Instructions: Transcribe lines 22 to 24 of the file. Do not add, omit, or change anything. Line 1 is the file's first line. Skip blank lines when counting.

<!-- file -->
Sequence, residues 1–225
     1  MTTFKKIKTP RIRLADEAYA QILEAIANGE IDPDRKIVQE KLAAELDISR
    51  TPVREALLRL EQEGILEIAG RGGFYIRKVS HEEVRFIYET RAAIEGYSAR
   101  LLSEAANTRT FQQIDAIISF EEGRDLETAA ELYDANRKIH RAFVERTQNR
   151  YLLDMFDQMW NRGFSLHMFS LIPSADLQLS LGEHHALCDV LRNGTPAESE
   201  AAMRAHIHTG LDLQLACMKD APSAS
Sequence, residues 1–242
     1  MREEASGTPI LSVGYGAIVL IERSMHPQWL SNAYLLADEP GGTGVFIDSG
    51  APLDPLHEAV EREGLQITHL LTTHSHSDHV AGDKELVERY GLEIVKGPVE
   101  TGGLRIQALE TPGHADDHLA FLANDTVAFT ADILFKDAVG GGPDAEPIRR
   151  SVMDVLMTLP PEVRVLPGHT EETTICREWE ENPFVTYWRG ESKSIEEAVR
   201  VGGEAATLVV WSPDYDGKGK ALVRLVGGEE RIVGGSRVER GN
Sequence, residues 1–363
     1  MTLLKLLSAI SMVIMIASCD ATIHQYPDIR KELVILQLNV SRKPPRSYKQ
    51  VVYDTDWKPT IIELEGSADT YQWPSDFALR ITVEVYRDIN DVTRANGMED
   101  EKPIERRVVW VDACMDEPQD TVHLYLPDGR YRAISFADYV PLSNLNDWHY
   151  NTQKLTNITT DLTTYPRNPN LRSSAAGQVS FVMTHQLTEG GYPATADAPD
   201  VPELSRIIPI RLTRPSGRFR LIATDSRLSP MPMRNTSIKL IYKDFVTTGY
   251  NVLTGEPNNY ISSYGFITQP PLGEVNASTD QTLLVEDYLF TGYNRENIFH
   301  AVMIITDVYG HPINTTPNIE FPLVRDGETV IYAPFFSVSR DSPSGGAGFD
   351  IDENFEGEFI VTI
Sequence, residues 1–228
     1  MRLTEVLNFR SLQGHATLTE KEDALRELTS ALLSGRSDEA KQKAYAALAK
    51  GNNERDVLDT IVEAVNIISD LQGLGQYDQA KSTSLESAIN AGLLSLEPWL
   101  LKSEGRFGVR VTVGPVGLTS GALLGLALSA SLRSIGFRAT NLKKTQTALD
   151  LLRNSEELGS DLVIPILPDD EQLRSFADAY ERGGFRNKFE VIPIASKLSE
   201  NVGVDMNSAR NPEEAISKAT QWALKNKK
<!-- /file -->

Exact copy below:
Sequence, residues 1–228
     1  MRLTEVLNFR SLQGHATLTE KEDALRELTS ALLSGRSDEA KQKAYAALAK
    51  GNNERDVLDT IVEAVNIISD LQGLGQYDQA KSTSLESAIN AGLLSLEPWL